Scottish Country Dancing
Scottish country dancing has developed over many centuries as native Scottish folk dances absorbed influences from the elegant European courts. During the reign of Henry VIII of England the folk dances of the English and Scottish countryside captured the fancy of the sophisticates at Court. The furor over the “couples” style of dancing which was then in vogue on the Continent was beginning to die down and the “avant garde” were looking for something new. By the time of the reign of Queen Elizabeth I, various formations, the teamwork of two or more couples and specific names had become associated with some dances.
The Scots made the country dances their own by incorporating intricate and precise steps and figures from their Highland reels. The Scottish dancing teachers, trained in France, taught the dances using French terms, such as allemande, pas-de-basque and promenade. With foot and leg positions similar to ballet and the spirit of ballroom dancing, Scottish country dancing is graceful and elegant.
Characteristically, Scottish country dancing consists of two lines of dancers, men on one side facing women on the other. Most dances are dances of progression in which each couple executes a series of figures with one or two of the other couples and progresses along the line to repeat the figures with each participating couple. Couples move up and down the line until each has been in the lead position.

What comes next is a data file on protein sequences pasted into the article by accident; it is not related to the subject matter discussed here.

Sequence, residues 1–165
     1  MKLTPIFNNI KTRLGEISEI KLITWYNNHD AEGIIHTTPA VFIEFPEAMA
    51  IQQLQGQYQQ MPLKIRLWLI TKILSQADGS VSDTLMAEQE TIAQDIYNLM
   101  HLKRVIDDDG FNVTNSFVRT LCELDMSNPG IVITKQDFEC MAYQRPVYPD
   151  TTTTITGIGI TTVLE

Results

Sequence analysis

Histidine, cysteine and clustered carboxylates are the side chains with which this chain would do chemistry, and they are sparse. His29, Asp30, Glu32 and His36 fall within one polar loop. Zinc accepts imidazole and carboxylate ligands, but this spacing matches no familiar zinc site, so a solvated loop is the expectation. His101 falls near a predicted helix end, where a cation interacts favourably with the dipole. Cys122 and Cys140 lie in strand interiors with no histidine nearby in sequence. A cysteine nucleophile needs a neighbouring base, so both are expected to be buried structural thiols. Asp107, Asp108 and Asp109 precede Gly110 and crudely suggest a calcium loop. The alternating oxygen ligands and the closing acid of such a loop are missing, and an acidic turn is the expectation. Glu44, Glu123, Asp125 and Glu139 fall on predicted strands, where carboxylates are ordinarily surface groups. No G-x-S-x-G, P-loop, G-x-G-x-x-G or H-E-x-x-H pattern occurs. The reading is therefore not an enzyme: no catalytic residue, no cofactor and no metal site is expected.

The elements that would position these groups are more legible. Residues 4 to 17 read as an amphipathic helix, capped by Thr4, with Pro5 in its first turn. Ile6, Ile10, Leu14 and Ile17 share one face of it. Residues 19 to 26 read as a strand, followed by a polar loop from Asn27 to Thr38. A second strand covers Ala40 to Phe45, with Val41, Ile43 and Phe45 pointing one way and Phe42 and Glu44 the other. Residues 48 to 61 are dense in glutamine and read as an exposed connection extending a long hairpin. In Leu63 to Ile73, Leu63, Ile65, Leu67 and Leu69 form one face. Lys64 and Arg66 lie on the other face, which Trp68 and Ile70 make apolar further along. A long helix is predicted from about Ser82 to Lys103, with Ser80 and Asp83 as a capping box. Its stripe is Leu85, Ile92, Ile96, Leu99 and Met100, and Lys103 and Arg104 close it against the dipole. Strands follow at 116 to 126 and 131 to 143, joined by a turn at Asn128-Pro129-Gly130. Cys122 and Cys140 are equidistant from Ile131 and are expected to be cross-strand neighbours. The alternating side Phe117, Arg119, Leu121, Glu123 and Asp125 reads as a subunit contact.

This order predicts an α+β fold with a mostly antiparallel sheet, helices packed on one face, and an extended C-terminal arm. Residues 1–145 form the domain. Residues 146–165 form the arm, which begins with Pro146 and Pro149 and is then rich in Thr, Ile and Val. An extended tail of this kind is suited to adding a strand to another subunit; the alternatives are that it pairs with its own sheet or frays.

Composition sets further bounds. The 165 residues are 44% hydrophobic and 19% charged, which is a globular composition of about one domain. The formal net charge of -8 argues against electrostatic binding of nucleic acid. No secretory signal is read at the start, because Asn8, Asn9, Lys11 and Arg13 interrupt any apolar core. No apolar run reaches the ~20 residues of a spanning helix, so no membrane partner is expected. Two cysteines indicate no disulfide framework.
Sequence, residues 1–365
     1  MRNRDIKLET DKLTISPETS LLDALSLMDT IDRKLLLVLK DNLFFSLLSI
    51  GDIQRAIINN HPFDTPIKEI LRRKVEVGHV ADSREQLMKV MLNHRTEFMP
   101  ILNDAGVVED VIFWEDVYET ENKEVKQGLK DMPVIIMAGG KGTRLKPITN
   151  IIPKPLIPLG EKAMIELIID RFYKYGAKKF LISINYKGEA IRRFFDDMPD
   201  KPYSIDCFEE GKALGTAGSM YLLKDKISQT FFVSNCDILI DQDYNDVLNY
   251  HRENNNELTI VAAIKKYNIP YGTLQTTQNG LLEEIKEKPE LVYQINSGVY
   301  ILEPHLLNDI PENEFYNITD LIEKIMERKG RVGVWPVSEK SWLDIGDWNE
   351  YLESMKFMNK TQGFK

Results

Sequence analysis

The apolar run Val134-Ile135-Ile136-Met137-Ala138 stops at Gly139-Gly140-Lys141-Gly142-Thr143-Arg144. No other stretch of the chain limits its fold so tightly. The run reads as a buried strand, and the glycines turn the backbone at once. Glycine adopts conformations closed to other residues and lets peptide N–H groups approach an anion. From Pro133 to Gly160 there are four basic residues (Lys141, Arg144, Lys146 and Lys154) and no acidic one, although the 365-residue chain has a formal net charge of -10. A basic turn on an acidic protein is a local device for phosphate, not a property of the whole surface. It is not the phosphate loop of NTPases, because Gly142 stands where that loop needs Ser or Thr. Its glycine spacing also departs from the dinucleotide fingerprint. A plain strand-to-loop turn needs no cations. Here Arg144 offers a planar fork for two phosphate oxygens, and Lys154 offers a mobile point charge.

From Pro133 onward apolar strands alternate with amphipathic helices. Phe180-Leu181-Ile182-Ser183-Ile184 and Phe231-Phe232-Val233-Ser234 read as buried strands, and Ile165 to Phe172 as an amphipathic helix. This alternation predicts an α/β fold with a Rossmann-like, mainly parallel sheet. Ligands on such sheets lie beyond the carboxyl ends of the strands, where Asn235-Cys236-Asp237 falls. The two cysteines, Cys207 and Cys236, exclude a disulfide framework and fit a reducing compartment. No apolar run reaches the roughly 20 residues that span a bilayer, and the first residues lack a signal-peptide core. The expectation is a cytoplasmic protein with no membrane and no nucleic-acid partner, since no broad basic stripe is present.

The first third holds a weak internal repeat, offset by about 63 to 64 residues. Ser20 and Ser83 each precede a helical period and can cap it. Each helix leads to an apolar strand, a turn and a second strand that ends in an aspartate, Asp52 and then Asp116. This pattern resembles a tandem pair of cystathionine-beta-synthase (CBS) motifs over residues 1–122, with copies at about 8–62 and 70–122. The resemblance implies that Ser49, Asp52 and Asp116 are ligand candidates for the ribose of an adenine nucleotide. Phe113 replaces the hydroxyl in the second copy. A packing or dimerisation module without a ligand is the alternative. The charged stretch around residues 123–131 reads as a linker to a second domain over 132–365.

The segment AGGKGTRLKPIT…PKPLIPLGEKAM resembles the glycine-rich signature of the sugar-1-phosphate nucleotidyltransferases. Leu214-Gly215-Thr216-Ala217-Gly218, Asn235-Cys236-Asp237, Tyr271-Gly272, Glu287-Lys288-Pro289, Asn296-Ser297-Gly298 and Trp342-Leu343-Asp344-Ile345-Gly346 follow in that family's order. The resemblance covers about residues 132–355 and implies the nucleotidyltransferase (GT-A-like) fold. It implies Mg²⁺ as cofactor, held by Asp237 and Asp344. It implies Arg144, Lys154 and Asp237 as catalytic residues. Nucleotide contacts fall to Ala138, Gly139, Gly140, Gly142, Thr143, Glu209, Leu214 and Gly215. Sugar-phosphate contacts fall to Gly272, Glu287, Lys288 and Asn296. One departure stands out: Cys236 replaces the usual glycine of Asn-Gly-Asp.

There are three dance types, distinguished by their tempos; lively reels, moderately fast jigs and slow strathspeys. There are only five steps in the traditional dances; the skip change of step (for traveling), the slip step (traveling in a sideways direction) and the pas de basques (for setting) are used in jigs and reels. The other two steps appear only in the strathspey.
The Loch Norman Highland Games would like to thank Eilean Yates for her years of service directing Scottish Country Dancing. Eilean is a native of Hawick in the Scottish Border country who learned Scottish Country Dancing in her early school days. In 1984, Eilean co-founded the Shelby Scottish Country Dancers and led the group for nineteen years until she moved to Fearrington, she is now teaching in the Chapel Hill /Durham area.